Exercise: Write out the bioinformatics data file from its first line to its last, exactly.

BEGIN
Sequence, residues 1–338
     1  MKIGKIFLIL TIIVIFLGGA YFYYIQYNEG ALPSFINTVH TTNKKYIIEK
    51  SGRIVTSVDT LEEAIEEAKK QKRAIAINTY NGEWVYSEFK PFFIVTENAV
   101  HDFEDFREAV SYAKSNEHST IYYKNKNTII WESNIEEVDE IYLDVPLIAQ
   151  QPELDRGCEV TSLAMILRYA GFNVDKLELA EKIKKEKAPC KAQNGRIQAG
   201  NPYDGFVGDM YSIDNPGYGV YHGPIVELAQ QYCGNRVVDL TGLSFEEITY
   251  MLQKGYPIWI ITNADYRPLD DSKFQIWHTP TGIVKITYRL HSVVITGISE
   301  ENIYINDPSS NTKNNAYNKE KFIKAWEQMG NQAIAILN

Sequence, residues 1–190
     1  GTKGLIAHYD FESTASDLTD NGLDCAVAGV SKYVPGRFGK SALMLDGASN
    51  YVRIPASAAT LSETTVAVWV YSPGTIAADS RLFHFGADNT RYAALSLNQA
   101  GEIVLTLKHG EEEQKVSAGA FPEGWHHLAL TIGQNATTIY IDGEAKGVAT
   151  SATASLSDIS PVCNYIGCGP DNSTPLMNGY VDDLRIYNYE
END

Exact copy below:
Sequence, residues 1–338
     1  MKIGKIFLIL TIIVIFLGGA YFYYIQYNEG ALPSFINTVH TTNKKYIIEK
    51  SGRIVTSVDT LEEAIEEAKK QKRAIAINTY NGEWVYSEFK PFFIVTENAV
   101  HDFEDFREAV SYAKSNEHST IYYKNKNTII WESNIEEVDE IYLDVPLIAQ
   151  QPELDRGCEV TSLAMILRYA GFNVDKLELA EKIKKEKAPC KAQNGRIQAG
   201  NPYDGFVGDM YSIDNPGYGV YHGPIVELAQ QYCGNRVVDL TGLSFEEITY
   251  MLQKGYPIWI ITNADYRPLD DSKFQIWHTP TGIVKITYRL HSVVITGISE
   301  ENIYINDPSS NTKNNAYNKE KFIKAWEQMG NQAIAILN

Sequence, residues 1–190
     1  GTKGLIAHYD FESTASDLTD NGLDCAVAGV SKYVPGRFGK SALMLDGASN
    51  YVRIPASAAT LSETTVAVWV YSPGTIAADS RLFHFGADNT RYAALSLNQA
   101  GEIVLTLKHG EEEQKVSAGA FPEGWHHLAL TIGQNATTIY IDGEAKGVAT
   151  SATASLSDIS PVCNYIGCGP DNSTPLMNGY VDDLRIYNYE